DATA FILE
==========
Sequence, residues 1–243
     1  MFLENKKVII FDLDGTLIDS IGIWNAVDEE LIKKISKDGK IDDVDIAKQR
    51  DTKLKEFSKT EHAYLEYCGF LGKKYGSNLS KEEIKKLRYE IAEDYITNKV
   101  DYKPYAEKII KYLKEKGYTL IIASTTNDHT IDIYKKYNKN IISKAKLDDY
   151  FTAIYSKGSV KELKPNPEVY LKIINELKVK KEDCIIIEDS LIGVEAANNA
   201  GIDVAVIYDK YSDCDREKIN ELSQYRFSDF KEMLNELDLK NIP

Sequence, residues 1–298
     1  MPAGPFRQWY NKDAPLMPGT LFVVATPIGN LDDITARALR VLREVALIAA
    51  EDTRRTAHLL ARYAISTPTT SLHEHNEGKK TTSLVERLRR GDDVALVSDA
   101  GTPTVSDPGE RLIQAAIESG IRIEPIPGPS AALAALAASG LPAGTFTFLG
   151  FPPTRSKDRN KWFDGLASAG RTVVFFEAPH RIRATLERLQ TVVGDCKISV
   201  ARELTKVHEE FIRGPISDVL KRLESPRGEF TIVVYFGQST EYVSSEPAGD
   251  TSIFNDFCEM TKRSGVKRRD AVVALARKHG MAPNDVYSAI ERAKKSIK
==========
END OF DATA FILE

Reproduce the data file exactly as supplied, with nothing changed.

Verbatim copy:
Sequence, residues 1–243
     1  MFLENKKVII FDLDGTLIDS IGIWNAVDEE LIKKISKDGK IDDVDIAKQR
    51  DTKLKEFSKT EHAYLEYCGF LGKKYGSNLS KEEIKKLRYE IAEDYITNKV
   101  DYKPYAEKII KYLKEKGYTL IIASTTNDHT IDIYKKYNKN IISKAKLDDY
   151  FTAIYSKGSV KELKPNPEVY LKIINELKVK KEDCIIIEDS LIGVEAANNA
   201  GIDVAVIYDK YSDCDREKIN ELSQYRFSDF KEMLNELDLK NIP

Sequence, residues 1–298
     1  MPAGPFRQWY NKDAPLMPGT LFVVATPIGN LDDITARALR VLREVALIAA
    51  EDTRRTAHLL ARYAISTPTT SLHEHNEGKK TTSLVERLRR GDDVALVSDA
   101  GTPTVSDPGE RLIQAAIESG IRIEPIPGPS AALAALAASG LPAGTFTFLG
   151  FPPTRSKDRN KWFDGLASAG RTVVFFEAPH RIRATLERLQ TVVGDCKISV
   201  ARELTKVHEE FIRGPISDVL KRLESPRGEF TIVVYFGQST EYVSSEPAGD
   251  TSIFNDFCEM TKRSGVKRRD AVVALARKHG MAPNDVYSAI ERAKKSIK